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Safety dominates discussion as F1 heads to Monza
Question of the Day
Button is sixth in the drivers’ standings, 63 points behind Alonso, and McLaren is second to Red Bull in the constructors’ standings, 54 points back.
“Monza is one of the greatest circuits in the world and our car seems to be particularly well suited to high-speed circuits, so I’m optimistic that we’ll be competitive again this weekend,” Button said.
Built in 1922 in a royal park north of Milan, Monza is one of F1’s iconic circuits. The Italian GP is one of only four races to have survived from the first year of F1 in 1950, and the crumbling banking that formed part of the original Monza layout was still adjacent to the modern track.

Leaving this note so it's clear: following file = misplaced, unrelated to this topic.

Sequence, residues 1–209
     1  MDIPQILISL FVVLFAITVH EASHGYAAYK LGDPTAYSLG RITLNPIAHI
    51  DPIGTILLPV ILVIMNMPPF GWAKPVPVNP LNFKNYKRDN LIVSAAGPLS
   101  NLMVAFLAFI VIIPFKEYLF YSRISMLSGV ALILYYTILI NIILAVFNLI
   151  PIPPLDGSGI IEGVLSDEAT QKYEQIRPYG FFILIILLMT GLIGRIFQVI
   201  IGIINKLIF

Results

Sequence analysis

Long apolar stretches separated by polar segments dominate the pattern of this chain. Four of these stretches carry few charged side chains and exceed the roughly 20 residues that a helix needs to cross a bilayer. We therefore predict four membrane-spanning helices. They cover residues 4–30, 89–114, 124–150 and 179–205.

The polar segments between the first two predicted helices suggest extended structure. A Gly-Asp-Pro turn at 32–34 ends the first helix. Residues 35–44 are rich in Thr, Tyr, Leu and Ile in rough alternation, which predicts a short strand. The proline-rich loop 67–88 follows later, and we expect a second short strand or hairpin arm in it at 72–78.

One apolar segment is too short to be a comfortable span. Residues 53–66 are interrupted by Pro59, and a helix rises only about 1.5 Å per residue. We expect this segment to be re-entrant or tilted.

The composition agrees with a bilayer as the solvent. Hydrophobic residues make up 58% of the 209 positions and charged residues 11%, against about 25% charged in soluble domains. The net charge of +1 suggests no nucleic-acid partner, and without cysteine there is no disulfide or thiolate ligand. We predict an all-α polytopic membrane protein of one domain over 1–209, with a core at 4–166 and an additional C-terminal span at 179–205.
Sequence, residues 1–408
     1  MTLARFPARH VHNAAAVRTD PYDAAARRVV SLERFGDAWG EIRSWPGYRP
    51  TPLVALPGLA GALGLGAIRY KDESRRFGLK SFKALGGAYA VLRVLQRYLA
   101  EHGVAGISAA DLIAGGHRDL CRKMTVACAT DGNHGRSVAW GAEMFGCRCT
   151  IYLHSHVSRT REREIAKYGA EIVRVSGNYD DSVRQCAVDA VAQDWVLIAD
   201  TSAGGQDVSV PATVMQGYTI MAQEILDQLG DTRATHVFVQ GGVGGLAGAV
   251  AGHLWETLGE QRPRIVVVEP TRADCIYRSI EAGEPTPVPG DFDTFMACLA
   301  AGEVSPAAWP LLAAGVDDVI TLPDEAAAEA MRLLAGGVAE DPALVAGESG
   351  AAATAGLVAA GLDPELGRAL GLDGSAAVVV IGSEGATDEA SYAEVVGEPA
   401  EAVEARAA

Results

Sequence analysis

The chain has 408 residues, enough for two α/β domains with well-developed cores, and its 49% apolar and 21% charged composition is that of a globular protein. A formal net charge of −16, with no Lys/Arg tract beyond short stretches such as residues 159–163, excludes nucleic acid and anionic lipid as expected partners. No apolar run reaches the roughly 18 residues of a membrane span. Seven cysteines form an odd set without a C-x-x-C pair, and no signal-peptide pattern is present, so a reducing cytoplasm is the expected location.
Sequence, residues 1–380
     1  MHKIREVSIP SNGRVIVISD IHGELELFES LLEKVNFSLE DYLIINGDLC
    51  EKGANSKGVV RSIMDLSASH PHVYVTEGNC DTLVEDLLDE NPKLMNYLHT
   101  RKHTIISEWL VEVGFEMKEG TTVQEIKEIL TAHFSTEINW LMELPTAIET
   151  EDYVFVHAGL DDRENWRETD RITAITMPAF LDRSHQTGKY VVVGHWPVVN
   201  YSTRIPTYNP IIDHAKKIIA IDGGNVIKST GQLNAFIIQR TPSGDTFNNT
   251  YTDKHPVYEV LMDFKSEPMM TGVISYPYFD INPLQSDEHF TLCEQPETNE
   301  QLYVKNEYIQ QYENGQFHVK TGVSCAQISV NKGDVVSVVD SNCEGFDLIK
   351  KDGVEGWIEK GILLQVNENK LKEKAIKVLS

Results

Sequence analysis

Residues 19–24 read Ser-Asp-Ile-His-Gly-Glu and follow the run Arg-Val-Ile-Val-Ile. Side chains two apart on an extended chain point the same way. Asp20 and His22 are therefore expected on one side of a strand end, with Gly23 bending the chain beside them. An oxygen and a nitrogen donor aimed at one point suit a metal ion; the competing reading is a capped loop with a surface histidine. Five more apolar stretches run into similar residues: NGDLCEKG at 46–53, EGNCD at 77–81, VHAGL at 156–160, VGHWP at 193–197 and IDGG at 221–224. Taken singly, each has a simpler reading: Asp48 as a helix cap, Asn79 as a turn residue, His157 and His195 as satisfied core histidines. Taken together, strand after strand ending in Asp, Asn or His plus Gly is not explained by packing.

“For me, there’s something about Formula One’s older circuits that’s very special,” Hamilton said. “Despite each being very different, the newer tracks all seem to have the same character and the same sort of rhythm, but the older circuits are very different.
“They feel like the land has shaped and influenced them rather than the other way around. I like that _ it means you never fall into any particular comfort zone and you’re always pushing the car one way or the other to get the best from any lap.”
Alonso won with Ferrari at Monza in 2010, having taken his first victory at the track in 2007 with McLaren-Mercedes.
“It’s always special and the expectations are very high,” Alonso said. “From a driver’s point of view it’s a strange circuit, though. There are only five curves and two chicanes, which don’t give you much of a chance to make an impact. It’s not difficult for a driver but you need a very fast car on the straights.”
Meanwhile, Ma Qing Hua is slated to become the first Chinese driver to take part in an F1 weekend when he replaces Narain Karthikeyan at HRT for the first practice session.
By Michael P. Orsi
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